Confocal Raman microscopy analysis of biological samples allows several advantages over standard dispersive Raman techniques.
Dr. Antoinette O’Grady, Princeton Instruments/Acton
in the fields of biology and biochemistry are familiar with some of the more common
forms of spectroscopic analysis, such as absorption and emission spectroscopy. The
former measures the amount of light absorbed at a given wavelength to provide information
about a sample’s structure, and the latter produces
information regarding a substance by measuring the amount of light of a particular
wavelength that is emitted.
Raman spectroscopy — which measures the
light scattered by a substance over a defined range of wavelengths when excited
by a laser of a particular wavelength — offers
significant advantages over other forms of spectroscopy. It does not require any
sample preparation, samples are not destroyed, water bands are usually small and
easily subtracted, and Raman spectra usually contain sharp bands that are characteristic
of the specific molecules in the sample.
In biological samples such as cells and tissue,
infrared spectra often show broad spectral features that can offer information regarding
cellular components. However, Raman spectra also provide more detailed information
on the constituents of the specific components. This allows good specificity for
qualitative analysis and for discrimination among similar materials. Because the
intensity of the bands in a Raman spectrum are proportional to the concentration
of the molecules that give rise to them, it can be used for quantitative analysis.
Confocal Raman microscopy has the added
advantages of providing chemical information with microscopic resolution, allowing
specific spatial analysis of regions within a bulk sample, offering depth profiling
and improving rejection of fluorescence.
A brief history
Raman spectroscopy has been around since the beginning
of the 20th century. Sir C.V. Raman is credited with discovering the scattering
effect in 1928, when he observed it in a sample mixture of water and alcohol that
was excited by monochromated sunlight while using the eye as a crude detector.1,2
Soon after these initial experiments, a relationship between the excitation wavelength
and the scattered wavelengths was discovered.3
The differences between the incident
and scattered wavelengths (Raman shifts) were related to the vibrational energies
of molecular bonds. It was realized that Raman spectroscopy was a probe of the vibrational
energy levels within a molecule and, thus, complementary to infrared absorption
At that time, there was an increased
interest in Raman spectroscopy because it provided molecular information more easily
than infrared absorption spectroscopy and was the only way to measure low-frequency
vibrations. However, it was overshadowed during the 1940s, when advances in infrared
instrumentation resulted in the first commercially available instrument for infrared
absorption, making IR easier to use and more readily available than Raman spectroscopy.
By the 1950s, photomultiplier tubes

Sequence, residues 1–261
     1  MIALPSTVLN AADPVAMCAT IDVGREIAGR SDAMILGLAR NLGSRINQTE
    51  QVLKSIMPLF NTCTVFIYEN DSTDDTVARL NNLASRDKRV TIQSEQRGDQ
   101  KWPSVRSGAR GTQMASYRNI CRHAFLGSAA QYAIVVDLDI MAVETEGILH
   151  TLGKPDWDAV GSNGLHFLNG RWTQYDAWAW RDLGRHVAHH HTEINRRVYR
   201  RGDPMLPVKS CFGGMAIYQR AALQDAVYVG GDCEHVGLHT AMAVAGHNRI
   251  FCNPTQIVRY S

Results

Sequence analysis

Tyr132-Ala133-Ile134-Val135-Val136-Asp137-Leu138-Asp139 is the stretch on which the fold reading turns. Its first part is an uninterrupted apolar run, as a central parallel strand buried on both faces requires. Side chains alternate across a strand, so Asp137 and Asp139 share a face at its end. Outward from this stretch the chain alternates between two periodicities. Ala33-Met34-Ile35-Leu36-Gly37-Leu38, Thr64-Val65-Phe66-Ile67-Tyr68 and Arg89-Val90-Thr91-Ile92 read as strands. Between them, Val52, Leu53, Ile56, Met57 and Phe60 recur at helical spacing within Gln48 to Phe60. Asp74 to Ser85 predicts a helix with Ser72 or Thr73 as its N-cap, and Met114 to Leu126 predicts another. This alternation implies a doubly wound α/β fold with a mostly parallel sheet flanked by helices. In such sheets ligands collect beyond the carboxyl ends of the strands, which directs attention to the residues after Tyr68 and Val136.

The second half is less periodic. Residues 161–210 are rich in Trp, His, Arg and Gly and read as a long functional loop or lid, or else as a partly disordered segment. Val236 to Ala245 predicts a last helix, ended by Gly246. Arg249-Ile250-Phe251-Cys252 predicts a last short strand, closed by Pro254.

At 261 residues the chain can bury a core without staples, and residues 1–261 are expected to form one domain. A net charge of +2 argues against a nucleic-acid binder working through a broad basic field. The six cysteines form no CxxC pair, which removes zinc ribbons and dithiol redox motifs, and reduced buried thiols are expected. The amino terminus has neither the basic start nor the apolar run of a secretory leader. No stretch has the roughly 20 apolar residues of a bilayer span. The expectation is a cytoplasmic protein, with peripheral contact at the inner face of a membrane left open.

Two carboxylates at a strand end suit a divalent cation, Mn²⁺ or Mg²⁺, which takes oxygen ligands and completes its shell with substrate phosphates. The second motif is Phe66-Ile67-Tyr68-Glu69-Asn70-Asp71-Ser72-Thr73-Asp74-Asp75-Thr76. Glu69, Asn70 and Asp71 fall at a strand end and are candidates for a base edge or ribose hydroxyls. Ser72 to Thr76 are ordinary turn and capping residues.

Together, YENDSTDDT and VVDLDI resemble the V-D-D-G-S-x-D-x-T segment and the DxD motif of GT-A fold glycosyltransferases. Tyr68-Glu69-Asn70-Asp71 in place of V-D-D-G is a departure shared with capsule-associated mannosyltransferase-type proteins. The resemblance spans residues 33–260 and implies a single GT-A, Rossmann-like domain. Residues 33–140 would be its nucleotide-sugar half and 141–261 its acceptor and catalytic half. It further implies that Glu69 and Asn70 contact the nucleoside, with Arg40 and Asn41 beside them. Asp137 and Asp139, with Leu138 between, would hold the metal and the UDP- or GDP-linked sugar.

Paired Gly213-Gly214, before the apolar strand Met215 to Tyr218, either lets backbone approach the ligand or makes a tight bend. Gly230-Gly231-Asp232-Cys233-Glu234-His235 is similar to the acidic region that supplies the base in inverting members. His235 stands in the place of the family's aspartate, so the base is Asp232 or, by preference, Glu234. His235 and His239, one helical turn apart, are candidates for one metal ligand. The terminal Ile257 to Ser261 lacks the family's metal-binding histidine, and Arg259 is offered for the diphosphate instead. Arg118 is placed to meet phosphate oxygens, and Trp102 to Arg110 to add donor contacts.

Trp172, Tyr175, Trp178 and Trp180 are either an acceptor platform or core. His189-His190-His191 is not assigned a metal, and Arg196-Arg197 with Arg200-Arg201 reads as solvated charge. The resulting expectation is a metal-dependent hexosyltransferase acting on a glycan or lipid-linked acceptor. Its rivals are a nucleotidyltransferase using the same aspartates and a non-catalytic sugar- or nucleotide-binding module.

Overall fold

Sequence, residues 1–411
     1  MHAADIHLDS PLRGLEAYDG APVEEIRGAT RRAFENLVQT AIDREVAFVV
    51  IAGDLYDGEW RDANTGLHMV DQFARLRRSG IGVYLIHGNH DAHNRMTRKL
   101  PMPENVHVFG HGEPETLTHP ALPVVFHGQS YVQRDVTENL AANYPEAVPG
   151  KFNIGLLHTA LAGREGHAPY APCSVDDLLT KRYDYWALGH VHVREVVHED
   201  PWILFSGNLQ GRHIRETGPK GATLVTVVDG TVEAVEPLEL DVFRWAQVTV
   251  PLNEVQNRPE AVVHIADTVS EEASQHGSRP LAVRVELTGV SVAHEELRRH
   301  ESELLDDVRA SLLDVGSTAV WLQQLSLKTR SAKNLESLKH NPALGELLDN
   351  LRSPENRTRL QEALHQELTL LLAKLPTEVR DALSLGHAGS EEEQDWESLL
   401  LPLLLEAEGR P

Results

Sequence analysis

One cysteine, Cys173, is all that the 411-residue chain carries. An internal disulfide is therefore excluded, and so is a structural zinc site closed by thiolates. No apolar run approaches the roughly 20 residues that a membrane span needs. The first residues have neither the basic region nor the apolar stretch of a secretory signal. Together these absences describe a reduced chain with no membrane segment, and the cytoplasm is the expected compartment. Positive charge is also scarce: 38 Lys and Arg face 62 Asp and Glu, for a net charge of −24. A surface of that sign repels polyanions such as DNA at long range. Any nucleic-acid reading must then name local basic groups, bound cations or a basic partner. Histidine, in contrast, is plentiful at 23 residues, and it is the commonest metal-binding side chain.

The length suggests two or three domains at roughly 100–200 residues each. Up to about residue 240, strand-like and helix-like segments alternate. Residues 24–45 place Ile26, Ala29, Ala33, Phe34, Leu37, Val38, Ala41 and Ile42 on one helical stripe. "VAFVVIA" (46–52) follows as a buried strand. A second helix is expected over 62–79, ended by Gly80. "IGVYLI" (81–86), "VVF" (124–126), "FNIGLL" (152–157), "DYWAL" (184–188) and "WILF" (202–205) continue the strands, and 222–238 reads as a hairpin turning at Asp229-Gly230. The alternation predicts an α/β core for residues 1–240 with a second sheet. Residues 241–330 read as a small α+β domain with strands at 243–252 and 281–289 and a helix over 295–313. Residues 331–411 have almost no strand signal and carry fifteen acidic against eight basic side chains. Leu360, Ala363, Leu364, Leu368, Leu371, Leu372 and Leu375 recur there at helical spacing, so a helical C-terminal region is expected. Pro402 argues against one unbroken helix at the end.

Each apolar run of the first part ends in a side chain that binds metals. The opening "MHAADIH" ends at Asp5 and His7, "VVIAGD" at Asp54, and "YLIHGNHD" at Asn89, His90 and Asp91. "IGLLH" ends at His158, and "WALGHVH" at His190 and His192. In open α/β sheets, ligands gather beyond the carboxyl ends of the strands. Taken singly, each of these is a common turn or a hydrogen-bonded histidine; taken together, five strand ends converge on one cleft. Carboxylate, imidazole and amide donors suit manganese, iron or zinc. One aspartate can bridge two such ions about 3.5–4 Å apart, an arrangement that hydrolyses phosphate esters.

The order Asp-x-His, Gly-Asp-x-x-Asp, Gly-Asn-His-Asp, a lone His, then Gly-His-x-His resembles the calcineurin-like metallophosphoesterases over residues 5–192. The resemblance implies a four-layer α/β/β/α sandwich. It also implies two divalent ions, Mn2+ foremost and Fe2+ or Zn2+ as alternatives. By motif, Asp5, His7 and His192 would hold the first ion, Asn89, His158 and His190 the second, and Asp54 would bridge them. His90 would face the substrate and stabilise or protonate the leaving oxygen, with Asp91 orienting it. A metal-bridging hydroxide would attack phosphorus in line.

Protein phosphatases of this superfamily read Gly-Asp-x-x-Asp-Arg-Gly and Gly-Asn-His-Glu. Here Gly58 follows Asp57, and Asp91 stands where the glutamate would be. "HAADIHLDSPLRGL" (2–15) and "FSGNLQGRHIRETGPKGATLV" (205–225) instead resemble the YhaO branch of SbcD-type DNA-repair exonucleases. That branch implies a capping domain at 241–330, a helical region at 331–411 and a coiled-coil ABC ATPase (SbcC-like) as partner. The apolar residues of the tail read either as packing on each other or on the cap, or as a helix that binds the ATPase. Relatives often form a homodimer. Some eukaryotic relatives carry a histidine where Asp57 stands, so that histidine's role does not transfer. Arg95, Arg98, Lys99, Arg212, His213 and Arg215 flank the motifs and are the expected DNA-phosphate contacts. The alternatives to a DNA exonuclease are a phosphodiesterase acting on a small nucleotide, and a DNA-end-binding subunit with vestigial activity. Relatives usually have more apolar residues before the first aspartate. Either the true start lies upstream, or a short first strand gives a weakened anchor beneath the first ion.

(point detectors) had replaced photographic film for the detection of Raman scattering.
The first commercially available Raman instrument was introduced in 1953.
It was not until the development of
the laser, with its superior power and monochromaticity, that a renaissance occurred
in Raman research. In the 1970s, the development of multichannel detectors, which
allow large numbers of wavelengths to be viewed simultaneously, resulted in another
large step forward in Raman instrumentation.4
Raman and biology
The 1990s saw the final stages in the modernization of instrumentation with the development of holographic
notch filters5 and of compact diode and diode-pumped lasers, and with the integration
of confocal microscopy into the technique. Holographic notch filters made the instrumentation
much more compact because a single filter replaced multiple dispersion stages as
a means of filtering the intense laser light and separating it from the weak inelastically
scattered Raman effect. The addition of confocal microscopy has brought Raman spectroscopy
firmly into the realm of biological analysis.
At its simplest, Raman spectroscopy is performed
by focusing laser light of the required excitation wavelength onto a sample. The
scattered light is collected and focused onto the entrance of a spectrograph, which
separates the light into individual wavelengths using a dispersion grating. A notch
filter usually is placed in the optical path of the spectrograph to reduce the amount
of Raleigh scattered (reflected) light from the laser entering
the spectrograph, and a CCD detector mounted to the spectrograph detects and measures
the Raman shifts (Figure 1). The distance from the laser line at which Raman lines
can be measured, the number of excitation wavelengths used, and the resolution will
increase the complexity and cost of the system.
Figure 1. A simple Raman setup consists of a notch filter, a spectrograph, a laser and
a CCD detector.
One of the principal obstacles in using Raman
spectroscopy for biological applications is the presence of a lot of background
noise caused by fluorescence from contaminants or background matrices in the sample.
There are many methods of overcoming fluorescence, but the most popular one is to
use an excitation wavelength that does not excite fluorescence. For this reason,
most biological applications use either UV or near-IR lasers.
In laser spectroscopy labs, resonance